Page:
At Templeton Emerging Markets Group, we believe emerging market (EM) small-capitalization (small-cap) stocks represent an attractive proposition in the current investment climate. However, there are some common misconceptions regarding the asset class that conceal key strengths we believe an active manager could capitalize on. Here, I join my colleagues Stephen Dover, chief investment officer of Templeton Emerging Markets Group, and Chetan Sehgal, director of Global Emerging Markets/Small-Cap Strategies, to talk about investing in this space. Investment Adventures in Emerging Markets - Notes from Mark Mobius Mark Mobius, Ph.D., executive chairman of Templeton Emerging Markets Group, joined Templeton in 1987. Currently, he directs the Templeton research team based in 15 global emerging markets offices and manages emerging markets portfolios. As he spans the globe in search of investment opportunities, his “Investment Adventures in Emerging Markets” blog gives readers a taste for what he does, when, where, why and how. Dr. Mobius has written several books, including “Trading with China,” “The Investor’s Guide to Emerging Markets,” “Mobius on Emerging Markets,” “Passport to Profits,” “Equities—An Introduction to the Core Concepts,” “Mutual Funds—An Introduction to the Core Concepts,” ”The Little Book of Emerging Markets,” and “Mark Mobius: An Illustrated Biography."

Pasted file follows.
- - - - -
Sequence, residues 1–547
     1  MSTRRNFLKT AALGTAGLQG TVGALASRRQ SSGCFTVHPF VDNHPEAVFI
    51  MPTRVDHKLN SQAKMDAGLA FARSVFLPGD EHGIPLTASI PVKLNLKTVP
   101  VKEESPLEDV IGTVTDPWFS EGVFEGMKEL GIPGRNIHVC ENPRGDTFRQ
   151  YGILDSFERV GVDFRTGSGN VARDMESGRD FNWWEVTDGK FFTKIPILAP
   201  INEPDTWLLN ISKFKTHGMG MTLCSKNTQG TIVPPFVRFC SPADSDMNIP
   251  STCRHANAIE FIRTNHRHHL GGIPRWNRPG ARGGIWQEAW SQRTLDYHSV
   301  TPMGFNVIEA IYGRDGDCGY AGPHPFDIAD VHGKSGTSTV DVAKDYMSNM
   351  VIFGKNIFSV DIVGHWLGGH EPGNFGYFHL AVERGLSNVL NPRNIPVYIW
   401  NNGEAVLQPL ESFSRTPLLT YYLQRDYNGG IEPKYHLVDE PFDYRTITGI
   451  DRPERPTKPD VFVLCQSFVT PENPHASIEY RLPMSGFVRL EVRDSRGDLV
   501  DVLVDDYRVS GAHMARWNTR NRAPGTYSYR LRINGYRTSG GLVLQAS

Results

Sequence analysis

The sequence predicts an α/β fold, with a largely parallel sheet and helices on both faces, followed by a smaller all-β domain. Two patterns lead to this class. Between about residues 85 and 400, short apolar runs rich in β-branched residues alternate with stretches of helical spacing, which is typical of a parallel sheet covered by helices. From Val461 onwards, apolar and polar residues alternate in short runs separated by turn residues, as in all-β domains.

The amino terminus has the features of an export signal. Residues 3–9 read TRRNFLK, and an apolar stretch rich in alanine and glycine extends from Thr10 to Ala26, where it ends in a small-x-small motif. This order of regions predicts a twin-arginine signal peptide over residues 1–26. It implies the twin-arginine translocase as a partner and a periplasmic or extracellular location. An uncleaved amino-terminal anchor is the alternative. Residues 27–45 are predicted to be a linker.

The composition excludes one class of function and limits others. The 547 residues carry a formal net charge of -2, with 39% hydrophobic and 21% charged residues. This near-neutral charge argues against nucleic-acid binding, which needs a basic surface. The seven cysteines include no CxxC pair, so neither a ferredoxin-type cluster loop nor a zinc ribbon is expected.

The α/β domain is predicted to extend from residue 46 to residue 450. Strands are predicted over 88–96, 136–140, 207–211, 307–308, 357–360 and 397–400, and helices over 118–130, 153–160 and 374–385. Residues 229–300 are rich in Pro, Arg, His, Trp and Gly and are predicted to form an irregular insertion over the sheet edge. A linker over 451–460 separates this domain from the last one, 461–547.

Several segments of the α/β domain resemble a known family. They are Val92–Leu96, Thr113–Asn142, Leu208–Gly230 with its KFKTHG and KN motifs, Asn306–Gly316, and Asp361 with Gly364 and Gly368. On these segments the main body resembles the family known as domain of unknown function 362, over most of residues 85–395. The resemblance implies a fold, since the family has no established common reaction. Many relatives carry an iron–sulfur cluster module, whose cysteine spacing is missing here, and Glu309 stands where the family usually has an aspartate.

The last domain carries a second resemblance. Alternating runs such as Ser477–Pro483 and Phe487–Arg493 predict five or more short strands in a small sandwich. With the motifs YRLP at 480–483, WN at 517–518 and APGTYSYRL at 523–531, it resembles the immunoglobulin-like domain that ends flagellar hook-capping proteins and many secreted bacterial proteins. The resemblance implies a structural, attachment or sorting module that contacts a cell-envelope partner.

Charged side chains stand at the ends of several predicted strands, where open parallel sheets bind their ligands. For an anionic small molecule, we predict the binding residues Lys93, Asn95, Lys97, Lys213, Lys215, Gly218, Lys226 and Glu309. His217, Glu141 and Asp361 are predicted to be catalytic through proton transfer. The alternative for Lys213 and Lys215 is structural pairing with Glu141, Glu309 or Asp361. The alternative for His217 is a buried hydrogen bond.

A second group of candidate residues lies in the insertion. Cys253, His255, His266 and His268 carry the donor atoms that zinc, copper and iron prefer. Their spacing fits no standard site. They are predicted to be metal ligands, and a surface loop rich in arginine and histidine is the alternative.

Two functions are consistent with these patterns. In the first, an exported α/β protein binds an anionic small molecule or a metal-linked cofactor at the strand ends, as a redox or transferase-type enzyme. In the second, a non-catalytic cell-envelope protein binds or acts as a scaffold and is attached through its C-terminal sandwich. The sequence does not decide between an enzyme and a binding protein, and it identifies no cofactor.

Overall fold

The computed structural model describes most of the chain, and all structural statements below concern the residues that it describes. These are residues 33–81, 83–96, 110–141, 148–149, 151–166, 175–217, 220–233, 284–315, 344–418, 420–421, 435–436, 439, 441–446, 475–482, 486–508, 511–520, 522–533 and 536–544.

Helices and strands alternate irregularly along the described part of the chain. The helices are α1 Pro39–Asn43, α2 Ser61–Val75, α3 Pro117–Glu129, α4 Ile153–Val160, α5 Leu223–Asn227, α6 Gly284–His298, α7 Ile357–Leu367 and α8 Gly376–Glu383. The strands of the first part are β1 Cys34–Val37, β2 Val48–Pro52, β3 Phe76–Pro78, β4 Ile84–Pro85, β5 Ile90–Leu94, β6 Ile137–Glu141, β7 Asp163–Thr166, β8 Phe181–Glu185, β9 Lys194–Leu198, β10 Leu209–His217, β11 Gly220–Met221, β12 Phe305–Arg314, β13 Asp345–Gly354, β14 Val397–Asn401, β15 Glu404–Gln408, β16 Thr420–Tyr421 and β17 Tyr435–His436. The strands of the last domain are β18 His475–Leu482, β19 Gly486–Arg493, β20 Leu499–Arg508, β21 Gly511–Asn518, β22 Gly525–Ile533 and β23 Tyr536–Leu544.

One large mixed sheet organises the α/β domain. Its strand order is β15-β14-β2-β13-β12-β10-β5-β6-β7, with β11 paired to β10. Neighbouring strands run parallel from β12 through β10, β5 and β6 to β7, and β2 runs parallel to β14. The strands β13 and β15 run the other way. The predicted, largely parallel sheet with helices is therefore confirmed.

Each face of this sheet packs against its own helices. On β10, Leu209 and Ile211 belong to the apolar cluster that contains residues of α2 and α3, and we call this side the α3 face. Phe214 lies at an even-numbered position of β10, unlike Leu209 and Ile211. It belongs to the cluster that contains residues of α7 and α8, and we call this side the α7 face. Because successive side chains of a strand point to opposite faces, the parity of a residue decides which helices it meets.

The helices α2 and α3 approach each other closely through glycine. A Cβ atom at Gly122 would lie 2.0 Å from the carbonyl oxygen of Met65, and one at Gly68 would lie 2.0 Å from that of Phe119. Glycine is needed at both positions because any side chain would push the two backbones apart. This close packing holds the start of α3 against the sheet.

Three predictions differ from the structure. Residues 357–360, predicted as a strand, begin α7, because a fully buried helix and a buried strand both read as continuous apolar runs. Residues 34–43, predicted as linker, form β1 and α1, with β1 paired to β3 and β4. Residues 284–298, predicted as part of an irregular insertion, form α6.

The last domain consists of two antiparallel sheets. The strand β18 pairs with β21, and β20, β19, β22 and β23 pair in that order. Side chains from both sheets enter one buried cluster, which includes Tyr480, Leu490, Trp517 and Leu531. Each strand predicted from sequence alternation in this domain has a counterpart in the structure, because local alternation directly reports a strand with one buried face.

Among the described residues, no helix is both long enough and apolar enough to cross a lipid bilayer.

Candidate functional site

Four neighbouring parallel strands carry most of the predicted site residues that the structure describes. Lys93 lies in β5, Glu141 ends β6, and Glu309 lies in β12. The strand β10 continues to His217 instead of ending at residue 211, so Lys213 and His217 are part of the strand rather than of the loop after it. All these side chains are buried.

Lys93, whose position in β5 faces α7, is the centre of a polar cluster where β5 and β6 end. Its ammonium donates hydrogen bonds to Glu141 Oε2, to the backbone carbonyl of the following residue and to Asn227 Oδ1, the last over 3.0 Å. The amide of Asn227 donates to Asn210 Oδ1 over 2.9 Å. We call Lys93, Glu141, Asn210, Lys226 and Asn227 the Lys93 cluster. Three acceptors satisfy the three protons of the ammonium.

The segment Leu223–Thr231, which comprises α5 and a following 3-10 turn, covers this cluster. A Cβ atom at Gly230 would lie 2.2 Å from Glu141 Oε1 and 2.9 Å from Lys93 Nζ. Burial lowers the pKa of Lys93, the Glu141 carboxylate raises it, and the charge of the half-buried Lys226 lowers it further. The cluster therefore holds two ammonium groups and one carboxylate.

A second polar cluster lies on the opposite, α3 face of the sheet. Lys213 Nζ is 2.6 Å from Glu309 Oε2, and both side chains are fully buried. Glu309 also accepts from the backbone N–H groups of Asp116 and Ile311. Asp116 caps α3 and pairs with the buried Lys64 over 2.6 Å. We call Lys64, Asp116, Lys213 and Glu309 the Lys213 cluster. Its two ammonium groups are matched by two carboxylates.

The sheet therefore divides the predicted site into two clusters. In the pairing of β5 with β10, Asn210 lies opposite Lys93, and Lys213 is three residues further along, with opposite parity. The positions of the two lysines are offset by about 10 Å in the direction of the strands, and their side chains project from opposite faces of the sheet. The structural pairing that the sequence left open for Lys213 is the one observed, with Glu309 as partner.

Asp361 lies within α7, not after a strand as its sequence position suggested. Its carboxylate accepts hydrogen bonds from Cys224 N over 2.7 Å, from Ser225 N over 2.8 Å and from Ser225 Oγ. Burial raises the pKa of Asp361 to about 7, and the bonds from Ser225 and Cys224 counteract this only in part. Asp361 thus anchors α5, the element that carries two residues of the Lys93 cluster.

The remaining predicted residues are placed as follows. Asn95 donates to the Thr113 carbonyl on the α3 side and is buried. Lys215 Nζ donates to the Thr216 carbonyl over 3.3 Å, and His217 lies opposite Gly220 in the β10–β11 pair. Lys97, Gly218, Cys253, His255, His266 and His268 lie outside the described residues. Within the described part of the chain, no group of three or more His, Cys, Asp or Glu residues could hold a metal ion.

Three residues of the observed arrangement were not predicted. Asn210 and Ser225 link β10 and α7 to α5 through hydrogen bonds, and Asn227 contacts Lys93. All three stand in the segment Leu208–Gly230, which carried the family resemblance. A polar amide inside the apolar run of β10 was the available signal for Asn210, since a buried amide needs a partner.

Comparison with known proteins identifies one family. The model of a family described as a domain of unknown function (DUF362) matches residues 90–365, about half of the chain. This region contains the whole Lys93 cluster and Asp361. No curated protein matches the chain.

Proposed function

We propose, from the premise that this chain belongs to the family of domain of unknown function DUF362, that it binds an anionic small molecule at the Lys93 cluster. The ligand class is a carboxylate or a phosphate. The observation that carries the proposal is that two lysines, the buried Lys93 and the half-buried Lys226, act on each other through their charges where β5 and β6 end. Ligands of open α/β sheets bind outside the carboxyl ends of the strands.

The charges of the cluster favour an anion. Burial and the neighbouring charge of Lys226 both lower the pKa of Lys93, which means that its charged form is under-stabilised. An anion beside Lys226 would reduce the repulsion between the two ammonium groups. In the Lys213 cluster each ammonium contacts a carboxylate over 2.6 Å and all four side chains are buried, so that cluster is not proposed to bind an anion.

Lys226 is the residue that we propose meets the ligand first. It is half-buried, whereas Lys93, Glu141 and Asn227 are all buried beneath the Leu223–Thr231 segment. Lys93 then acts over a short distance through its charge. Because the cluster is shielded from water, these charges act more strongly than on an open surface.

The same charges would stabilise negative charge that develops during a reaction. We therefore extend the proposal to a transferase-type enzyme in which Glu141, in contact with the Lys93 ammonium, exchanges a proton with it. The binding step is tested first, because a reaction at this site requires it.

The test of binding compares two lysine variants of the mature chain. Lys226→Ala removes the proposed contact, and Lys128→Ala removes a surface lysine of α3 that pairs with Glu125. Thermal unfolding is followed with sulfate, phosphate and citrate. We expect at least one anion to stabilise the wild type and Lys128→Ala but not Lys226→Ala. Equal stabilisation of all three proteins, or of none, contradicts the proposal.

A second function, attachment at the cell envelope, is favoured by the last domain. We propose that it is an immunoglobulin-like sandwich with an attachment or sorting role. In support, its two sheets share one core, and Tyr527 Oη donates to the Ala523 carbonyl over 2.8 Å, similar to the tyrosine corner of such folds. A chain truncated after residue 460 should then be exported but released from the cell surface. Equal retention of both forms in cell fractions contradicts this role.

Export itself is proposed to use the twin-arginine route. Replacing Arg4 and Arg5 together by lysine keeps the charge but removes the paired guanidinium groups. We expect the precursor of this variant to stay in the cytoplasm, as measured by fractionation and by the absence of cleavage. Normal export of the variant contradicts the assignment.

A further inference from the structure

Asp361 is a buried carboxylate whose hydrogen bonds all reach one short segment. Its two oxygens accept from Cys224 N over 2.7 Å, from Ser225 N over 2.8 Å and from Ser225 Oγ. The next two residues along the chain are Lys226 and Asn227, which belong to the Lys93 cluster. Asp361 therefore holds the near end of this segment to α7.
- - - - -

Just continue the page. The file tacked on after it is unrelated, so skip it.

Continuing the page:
The famed emerging markets investor sees Brazilian stocks gaining around 50 percent over the next four years. Fred Katayama reports. Subscribe: http://smarturl.it/reuterssubscribe More updates and breaking news: http://smarturl.it/BreakingNews Reuters tells the world's stories like no one else. As the largest international multimedia news provider, Reuters provides coverage around the globe and across topics including business, financial, national, and international news. For over 160 years, Reuters has maintained its reputation for speed, accuracy, and impact while providing exclusives, incisive commentary and forward-looking analysis. http://reuters.com/ https://www.facebook.com/Reuters https://plus.google.com/u/0/s/reuters https://twitter.com/Reuters